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  1. It always makes me an interesting impression see how, despite the inevitable generalizations about the form of historical handwriting, these were completely personal in everyday life, as well as in our present hand writings. With my daughter Carlotta we have recently taken up, for a couple of chapters of her thesis, some key events in the history of Spain towards the end of the fifteenth century, at the time of the so-called Catholic Kings. Among the numerous elements that in one way or another ended up largely shaping the shape of the world as we know it today, there was certainly Fernando and Isabella's decision to sponsor the discovery journey of Christopher Columbus, with whom the Italian navigator hoped to open a new route to the Indies. The agreements between the Catholic Monarchs and Columbus (the implications of which Fernando and Isabella tried to limit for years), known as the Capitulaciones of Santa Fe, were written by the secretary of the King, Juan de Coloma. The document is kept in the Archive of the Crown of Aragon, in Barcelona. The Spanish government has prepared a perfect digital copy, available at: https://enciclopediapr.org/wp-content/uploads/2016/11/Capitulaciones.pdf [the glosses on the side were written at a later date] Juan de Coloma, of humble origins, became the man of trust of the King of Aragon John II the Great and later, not without mishaps and misunderstandings, of his son Fernando II the Catholic. When he died in 1517, he had acquired the titles of Baron of Alfajarín and first Lord of Elda. The handwriting of Juan de Coloma, as can be seen in the Capitulaciones, is at first sight inexpugnable ... but at the same time fascinating and unique. The fact that I know the modern Spanish language, and that the electronic version includes a transliteration of the text, allowed me little by little to decipher most of the letters as Coloma wrote them. Now that I had a Colomesque alphabet at hand, I wanted to try it with a text written in Italian. First of all, a message of congratulations for Carlotta's birthday last week, with a writing style in use at the times of the Catholic Kings, perfect for her studies on the music of that era. Then, something literary and contemporary (or almost) to the calligraphy style. I therefore copied some lines of the Orlando furioso, a famous Italian work that writer Ludovico began writing between 1504 and 1507, when Juan de Coloma was still alive. Looking at Coloma's writing, I became convinced that a pen with a “normal” (not an italic) nib could be used for the purpose. I chose an Omas "Grand" Paragon, with a soft fine nib. The gialletta (yellowish) laid paper of Fabriano has almost the same color as the now aged paper used by Coloma to write up the Capitulaciones. The ink of choice was Montblanc's Toffee Brown, a dark and saturated brown. I used a height of two millimeters for the basic character, with a line spacing of 7 mm. Then I wrote some personal considerations on Coloma's calligraphy. They are hand written with the stub nib of my Montegrappa Extra Otto Shiny Lines and, as they are in Italian, I am translating them here for those members of the forum (most of them, I guess) who do not read Dante's language. [translation of page 1] Previously, I had never studied an ancient "real" calligraphy, or the individual and personalized execution of some model in vogue at the time of writing. Now that I have tried for a few days with the writing of Juan de Coloma, I can say that there is a great difference between the writing of a living person and the model that historians, paleographers and calligraphers then fixed in a calligraphic style. What is most striking about Coloma's way of writing is his freedom in the interpretation of letters, which can take various forms depending on their position in the context of the word and the sentence, but sometimes even without any apparent special order. The "f", for example, can take these forms:The "r" can be written alternately:The "s" shows an absolute freedom:The "l": [translation of page 2] It also amazes how the secretary of Fernando of Aragon abbreviated with freedom some words, using diacritical marks to indicate abbreviations, but also how, from time to time, he made apparently diacritical signs but in reality they were simply decorative, in order - I would say - to keep a certain 'rhythm' in the lines of the text.Original and nice, the conjunctions "and" ("y" in Spanish) and "or" ("o" in Spanish) take this form:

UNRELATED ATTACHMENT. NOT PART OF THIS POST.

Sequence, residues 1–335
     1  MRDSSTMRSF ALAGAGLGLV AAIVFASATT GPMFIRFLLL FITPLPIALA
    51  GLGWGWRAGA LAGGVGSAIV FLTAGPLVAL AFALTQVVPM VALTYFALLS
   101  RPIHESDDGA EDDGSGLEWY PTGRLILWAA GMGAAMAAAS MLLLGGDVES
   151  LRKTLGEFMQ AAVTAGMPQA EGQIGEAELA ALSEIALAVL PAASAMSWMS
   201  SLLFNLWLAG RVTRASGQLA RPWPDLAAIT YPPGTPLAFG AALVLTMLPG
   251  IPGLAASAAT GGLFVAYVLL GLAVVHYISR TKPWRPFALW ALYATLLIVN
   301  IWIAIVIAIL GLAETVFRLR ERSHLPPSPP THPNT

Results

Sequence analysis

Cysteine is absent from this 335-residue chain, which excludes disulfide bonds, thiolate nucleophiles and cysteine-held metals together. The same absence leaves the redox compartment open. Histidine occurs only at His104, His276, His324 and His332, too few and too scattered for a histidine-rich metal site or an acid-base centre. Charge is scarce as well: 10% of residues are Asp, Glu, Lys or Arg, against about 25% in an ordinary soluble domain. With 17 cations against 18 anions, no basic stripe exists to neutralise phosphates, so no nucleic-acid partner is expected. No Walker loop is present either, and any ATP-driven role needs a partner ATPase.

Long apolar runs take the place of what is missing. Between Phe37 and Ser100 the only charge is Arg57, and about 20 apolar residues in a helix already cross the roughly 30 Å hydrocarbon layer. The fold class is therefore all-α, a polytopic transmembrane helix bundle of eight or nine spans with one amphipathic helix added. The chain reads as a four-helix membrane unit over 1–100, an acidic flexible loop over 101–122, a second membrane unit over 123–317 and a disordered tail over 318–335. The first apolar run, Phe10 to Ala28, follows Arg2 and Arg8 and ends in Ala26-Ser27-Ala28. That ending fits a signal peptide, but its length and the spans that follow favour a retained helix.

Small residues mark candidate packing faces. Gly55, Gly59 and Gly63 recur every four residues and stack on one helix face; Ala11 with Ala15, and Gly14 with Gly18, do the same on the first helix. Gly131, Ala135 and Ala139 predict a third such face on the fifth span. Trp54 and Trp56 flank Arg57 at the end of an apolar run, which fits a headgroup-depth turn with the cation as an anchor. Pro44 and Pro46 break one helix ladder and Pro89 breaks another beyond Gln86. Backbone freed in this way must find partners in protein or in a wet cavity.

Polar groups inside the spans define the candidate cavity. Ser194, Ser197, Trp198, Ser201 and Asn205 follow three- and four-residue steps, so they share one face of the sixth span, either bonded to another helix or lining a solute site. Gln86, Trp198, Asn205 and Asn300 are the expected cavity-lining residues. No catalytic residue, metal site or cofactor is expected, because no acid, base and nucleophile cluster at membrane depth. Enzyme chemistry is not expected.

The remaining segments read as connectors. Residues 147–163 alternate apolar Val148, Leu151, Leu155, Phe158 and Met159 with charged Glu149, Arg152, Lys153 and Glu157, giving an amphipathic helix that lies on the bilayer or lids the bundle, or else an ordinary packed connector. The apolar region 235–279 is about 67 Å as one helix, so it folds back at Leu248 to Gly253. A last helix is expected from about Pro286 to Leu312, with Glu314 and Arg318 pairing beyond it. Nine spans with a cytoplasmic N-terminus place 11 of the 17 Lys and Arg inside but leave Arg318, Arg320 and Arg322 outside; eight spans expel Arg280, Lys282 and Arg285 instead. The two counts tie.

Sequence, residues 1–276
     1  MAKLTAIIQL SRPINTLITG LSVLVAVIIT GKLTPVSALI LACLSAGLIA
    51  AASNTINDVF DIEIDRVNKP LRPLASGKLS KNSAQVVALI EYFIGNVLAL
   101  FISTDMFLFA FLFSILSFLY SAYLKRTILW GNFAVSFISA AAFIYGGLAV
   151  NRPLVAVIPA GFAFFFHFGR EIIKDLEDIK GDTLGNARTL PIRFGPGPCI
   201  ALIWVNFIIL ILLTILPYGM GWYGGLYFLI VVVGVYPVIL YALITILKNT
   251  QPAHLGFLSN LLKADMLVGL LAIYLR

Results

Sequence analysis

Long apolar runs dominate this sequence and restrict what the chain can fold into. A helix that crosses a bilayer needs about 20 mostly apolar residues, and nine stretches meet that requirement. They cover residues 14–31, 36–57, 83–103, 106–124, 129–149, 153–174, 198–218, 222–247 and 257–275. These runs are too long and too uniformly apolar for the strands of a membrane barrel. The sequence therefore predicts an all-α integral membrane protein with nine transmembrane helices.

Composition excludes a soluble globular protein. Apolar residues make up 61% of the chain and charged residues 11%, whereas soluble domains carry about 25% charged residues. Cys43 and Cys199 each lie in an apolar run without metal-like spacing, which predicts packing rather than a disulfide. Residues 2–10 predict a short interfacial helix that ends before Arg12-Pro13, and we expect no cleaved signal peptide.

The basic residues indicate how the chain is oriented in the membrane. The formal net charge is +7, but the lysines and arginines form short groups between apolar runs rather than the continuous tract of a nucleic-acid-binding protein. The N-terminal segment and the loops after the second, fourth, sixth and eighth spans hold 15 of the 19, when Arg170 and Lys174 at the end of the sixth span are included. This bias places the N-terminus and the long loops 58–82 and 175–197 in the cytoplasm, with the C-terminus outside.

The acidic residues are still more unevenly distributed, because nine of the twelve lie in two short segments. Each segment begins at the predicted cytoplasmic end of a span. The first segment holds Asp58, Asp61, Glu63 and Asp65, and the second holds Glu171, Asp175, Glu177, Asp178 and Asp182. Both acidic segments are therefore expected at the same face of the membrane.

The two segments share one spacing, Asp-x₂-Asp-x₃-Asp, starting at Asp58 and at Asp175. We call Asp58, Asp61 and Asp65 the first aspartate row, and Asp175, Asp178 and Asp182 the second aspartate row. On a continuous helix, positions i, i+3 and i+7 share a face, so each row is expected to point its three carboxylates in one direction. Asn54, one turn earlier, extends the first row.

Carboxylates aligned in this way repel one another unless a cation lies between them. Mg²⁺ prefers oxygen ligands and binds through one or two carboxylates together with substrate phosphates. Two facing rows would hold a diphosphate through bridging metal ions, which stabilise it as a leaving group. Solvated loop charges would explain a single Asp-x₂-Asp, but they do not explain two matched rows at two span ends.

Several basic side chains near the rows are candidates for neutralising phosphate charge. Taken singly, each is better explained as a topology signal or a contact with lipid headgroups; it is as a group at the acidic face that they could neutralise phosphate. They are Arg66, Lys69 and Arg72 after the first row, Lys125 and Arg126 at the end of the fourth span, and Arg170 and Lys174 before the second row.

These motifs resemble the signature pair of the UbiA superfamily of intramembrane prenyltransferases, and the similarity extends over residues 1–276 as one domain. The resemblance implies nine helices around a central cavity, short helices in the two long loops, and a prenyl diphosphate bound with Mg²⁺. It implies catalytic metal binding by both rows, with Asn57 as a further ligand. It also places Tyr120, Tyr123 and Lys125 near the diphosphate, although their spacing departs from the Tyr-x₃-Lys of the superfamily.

2. Dear All: This is my first Omas. It looks like a Paragon. But the ink system is different with their website's saying. Is it Paragon? If so, what version it is? Thank you very much,